Since construction of Portland's first MAX line began in 1982, transit-oriented development (TOD) has evolved to include higher densities, a mix of uses, and robust opportunities for developers and business owners in communities along the light rail lines.
Alan Lehto, TriMet's director of business planning and asset management, pointed to development at Northeast Seventh and Holladay in Portland's Lloyd District as an example of the lure of a transit station. "Developers specifically said they were going in that location with a large mixed-use project, incorporating retail and housing, because of the Northeast Seventh Avenue MAX station," he said.
When TriMet builds a light rail line, it must purchase not only the land for it, but land around it that will be needed for or impacted by the construction. TriMet still owns parcels that date back to the construction of the first MAX line and some of those sites are still undeveloped. The agency is working with two commercial real estate brokers to market those sites, and expects about $20 million through the sales of seven properties currently under contract to conclude this year.
As a condition of the sale, the buyer must commit to developments that support transit use through design that orients entrances and exits toward a nearby MAX station and encourages as many different uses as possible, including mixed-use with retail or offices on the street level and housing in the levels above.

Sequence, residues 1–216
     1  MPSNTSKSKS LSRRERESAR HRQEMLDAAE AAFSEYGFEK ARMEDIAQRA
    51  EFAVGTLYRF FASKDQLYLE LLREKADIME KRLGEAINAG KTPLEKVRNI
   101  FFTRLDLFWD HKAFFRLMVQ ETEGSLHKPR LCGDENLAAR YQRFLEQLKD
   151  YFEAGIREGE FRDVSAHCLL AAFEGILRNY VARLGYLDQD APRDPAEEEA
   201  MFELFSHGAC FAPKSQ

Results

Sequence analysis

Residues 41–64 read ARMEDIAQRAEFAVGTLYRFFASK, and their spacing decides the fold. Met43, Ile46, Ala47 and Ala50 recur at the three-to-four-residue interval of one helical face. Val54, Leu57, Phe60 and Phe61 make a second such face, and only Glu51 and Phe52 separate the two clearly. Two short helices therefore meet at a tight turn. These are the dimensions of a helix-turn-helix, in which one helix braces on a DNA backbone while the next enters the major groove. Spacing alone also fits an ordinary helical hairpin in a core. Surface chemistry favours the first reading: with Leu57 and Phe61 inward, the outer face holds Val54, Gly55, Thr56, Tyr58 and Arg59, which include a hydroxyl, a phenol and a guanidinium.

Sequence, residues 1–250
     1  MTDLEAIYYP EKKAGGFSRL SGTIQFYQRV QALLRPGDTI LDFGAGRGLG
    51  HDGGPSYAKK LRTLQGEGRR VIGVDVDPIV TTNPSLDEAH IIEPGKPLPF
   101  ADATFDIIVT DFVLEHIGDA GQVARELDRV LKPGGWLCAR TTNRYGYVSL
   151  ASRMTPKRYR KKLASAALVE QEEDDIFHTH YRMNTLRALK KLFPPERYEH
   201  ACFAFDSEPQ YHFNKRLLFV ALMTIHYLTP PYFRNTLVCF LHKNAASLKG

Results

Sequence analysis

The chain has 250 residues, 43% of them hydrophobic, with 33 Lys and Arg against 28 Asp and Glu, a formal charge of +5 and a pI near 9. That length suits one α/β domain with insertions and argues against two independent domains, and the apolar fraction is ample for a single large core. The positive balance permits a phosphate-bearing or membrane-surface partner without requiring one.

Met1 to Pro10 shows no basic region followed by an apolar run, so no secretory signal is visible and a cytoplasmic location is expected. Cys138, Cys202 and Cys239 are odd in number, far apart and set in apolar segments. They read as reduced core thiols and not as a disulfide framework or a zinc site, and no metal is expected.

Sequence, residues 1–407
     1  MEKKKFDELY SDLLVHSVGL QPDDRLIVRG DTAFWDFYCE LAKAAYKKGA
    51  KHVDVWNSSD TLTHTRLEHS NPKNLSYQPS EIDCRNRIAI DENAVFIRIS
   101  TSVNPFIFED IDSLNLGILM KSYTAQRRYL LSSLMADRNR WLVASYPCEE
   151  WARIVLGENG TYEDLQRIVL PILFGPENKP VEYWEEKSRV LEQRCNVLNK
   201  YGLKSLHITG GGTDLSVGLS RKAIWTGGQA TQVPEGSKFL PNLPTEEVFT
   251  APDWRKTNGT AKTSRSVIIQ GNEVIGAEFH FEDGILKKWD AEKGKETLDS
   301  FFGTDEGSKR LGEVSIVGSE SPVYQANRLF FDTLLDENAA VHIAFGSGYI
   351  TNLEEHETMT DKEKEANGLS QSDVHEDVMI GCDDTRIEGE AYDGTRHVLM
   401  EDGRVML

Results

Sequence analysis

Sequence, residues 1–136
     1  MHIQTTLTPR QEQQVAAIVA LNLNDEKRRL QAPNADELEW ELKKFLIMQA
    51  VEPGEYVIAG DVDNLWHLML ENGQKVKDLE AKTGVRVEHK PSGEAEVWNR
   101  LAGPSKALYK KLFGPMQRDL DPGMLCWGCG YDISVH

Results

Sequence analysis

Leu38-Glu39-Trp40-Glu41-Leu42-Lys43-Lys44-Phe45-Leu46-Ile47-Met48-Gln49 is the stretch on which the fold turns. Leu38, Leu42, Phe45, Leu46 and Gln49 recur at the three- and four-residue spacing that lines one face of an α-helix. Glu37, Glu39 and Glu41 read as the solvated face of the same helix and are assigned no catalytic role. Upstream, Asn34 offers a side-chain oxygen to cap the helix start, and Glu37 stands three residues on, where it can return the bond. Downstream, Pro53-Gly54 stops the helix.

A few of the property transactions TriMet expects to close this year are the Butler Block at Southwest 18th and Salmon, which will house ground-floor retail space and 180 apartments, and Roberti at 2425 S.E. Eighth Avenue, which will become 80,000 square feet of industrial office space. Pershing, a four-story building at Southeast 17th and Pershing, will provide 71 apartments. TriMet also is developing property at Southwest Fourth and Lincoln in partnership with Portland State University.
With the upcoming Southwest Corridor Light Rail Project, TriMet and its partners have entered a memorandum of understanding to evaluate any excess properties for suitability as mixed-use TOD that could include up to 950 units of affordable housing. Project partners are also participating in the Southwest Equitable Development Strategy (SWEDS), an inclusive effort to maintain and increase the supply of housing for diverse families of all incomes, in coordination with other economic and workforce development strategies in the corridor, according to TriMet.
"Having affordable units in the mix is becoming the new normal for all new residential developments in the city of Portland," said Nick Stewart, TriMet's real estate manager. "Private developers are seeing the benefit of having that diverse mix of incomes in their developments as well as active ground-floor uses and a range of mobility options, including transit, available to their customers right out the front door."
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